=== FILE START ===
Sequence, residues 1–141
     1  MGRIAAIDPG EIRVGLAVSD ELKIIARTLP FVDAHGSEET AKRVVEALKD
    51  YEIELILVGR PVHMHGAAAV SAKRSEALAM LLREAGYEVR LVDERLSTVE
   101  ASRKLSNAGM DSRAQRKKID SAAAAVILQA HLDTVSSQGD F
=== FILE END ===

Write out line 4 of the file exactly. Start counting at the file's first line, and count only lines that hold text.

   101  ASRKLSNAGM DSRAQRKKID SAAAAVILQA HLDTVSSQGD F